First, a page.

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On Walden Pond

waldenpondPhoto: (cc) Miguel Vieira/Flickr

I love Walden Pond. I’ve been there a few times now, and this last visit I even swam in it. The pond was what I have deemed “crispy cold.” But the water was so clear, so beautiful and inviting. I have learned to love the feel of swimming in fresh water—there is a softness about it that is missing in swimming pools and oceans. But Walden is so clean because it’s been protected, thanks to Henry David Thoreau, who built his famous little cabin right by it.

What I also love about visiting Walden, though, is that the images in our heads about what it must have been like in Thoreau’s day are really not true. I don’t know about you, but I always pictured Walden as it is now—wooded, remote, and pristine. In fact, one learns when one visits and tours that, when Thoreau lived there, all the trees had been cut down for fuel and construction. There is a trail that goes around the pond to the site of the cabin, and the second thing you notice is that it’s right by the railroad tracks! (They were already there in Thoreau’s time). But the first thing you notice is a pile of rocks. When you read the sign, you realize that these are stones brought by people from around the world to honor Thoreau and what he represented—living the simple life.

But again, “simple” may not always be what it seems. As I was walking down to the pond I overheard a woman telling her guest that Thoreau walked 2 miles home for lunch with his mother every day…which is probably why his little one room cabin didn’t have a kitchen in it! Ahhh, the simple life which we all long for—which is like going back to childhood where all good things are provided for by Mom.

Without Thoreau, Walden might not have been protected. The trees might not have grown back and the water might not have become so clean. But without his mother, Thoreau probably would have starved.

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10 Responses to On Walden Pond

  1. Jean Nick June 3, 2009 at 11:42 am #

    LOL. Next time my home-from-college and reverted-to-helpless kids ask me what’s for dinner when I get home from a long day at work I’ll get another chuckle out of this 🙂

  2. cw June 3, 2009 at 12:54 pm #

    ahhh just so many a man.. all about the independence, all about the solitude, all about the tranquility but they owe it all to the woman who makes it all possible. Not such a loaner, not such an independent person- he was camping in someone else’s backyard. Though I am glad that Walden Pond – thanks to our romanticism of what Thoreau concocted in his own imagination led to the restoration of a beautiful pond.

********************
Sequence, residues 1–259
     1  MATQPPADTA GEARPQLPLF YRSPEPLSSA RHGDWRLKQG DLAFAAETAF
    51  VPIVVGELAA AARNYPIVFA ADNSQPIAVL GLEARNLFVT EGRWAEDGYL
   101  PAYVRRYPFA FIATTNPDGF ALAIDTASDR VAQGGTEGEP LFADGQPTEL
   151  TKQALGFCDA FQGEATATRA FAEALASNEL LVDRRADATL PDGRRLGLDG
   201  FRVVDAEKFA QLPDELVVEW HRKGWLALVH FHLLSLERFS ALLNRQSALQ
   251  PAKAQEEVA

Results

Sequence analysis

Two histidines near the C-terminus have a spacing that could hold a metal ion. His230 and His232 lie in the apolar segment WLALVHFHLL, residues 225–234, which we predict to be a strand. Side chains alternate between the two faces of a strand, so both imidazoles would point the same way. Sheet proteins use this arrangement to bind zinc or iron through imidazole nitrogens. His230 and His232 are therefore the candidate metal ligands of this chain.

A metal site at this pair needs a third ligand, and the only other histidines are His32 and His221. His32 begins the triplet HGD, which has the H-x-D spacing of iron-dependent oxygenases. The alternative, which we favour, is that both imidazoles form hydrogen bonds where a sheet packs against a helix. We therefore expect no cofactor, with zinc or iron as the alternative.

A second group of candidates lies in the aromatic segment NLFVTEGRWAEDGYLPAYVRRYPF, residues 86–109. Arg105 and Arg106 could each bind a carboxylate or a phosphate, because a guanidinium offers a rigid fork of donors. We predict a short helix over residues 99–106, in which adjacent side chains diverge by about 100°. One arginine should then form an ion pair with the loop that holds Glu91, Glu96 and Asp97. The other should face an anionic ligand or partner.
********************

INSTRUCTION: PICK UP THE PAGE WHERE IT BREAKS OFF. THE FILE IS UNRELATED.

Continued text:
I, however, can say that I lived in a two room building that we built ourselves on land we own with no running water, no kitchen, no constant electricity ( we used a generator to heat up the building in the winter or cool it down in the summer for a few hours till we were able to sleep ( then let it run itself off) for three years. It was wonderful to hear owls, and chuck-wills-widows most nights in the spring and summer and I still miss sleeping with the windows open. Made my own lunch.

  3. MC June 3, 2009 at 1:10 pm #

    I’ve been to Walden Ponds many times…..the place is haunted. It makes the hair on my neck stand up evertime i sit on the stone wall and look out across the pond.

  4. Jake June 3, 2009 at 2:11 pm #

    why do you feel Walden Ponds is haunted? What are you basing your opinion from?

    Just curious…….

  5. Amy June 4, 2009 at 3:10 pm #

    I need to go back and read the book….but I do not remember any mention of having lunch w/his mother. He does document his days in quite a detailed manner. To my recollection…there was no mention of lunch w/mother. As a matter of fact, I thought he was estranged from his family and friends d/t what was considered quite eccentric behavior. I’m not sure anyone should assume that this is an historic fact based on one statement overheard while eavesdropping on a conversation.

  6. maria (farm country kitchen) June 4, 2009 at 6:27 pm #

    Any Thoreau experts out there who know the truth?

  7. CW June 5, 2009 at 10:50 am #

    according to Richard Smith who seems to be pretty much a expert on Thoreau and delivered a speach of fact &fiction, “Thoreau’s First Year at Wladen Pond” at the Thoreau Society Annual Gathering, on July 14, 2007 and I insert from his artical-
    “[42] Yes, Thoreau did enjoy meals at the homes of his family and friends. Non-Thoreauvians like to point this out, as if Henry was somehow living a lie by eating out with his friends. He mentions these arrangements in the book, that his dining out was something he had “always done” and would, no doubt, continue to do in the future. He didn’t view this as hypocritical. Why would he? But, somehow over the years, this dining out with friends has become “raiding the family cookie jar” or, the ever-popular “bounding through the fields every time the Emersons’ dinner bell would ring.”

  8. Ted Blizzard June 10, 2009 at 4:33 pm #

    I ride my bike there for lunch many times it is only 5 miles away from my work… and make my own simple lunch 🙂

  9. Sharon July 22, 2009 at 8:35 am #

    Walden Pond is a fantastic & Romantic place to be, nice, clam peaceful & very tranquil, it always puts us in the mood when were there, beautiful surroundings of a natural environment. B4 we used to struggle in our relationship until we started purcchasing viagra off the net from http://www.viagranow.me.uk, together with walden ponds and the products off the net, it mounts up to be a perfect destination.

  10. MV September 15, 2009 at 4:16 pm #

    I would like to know how can I keep green pasta pesto

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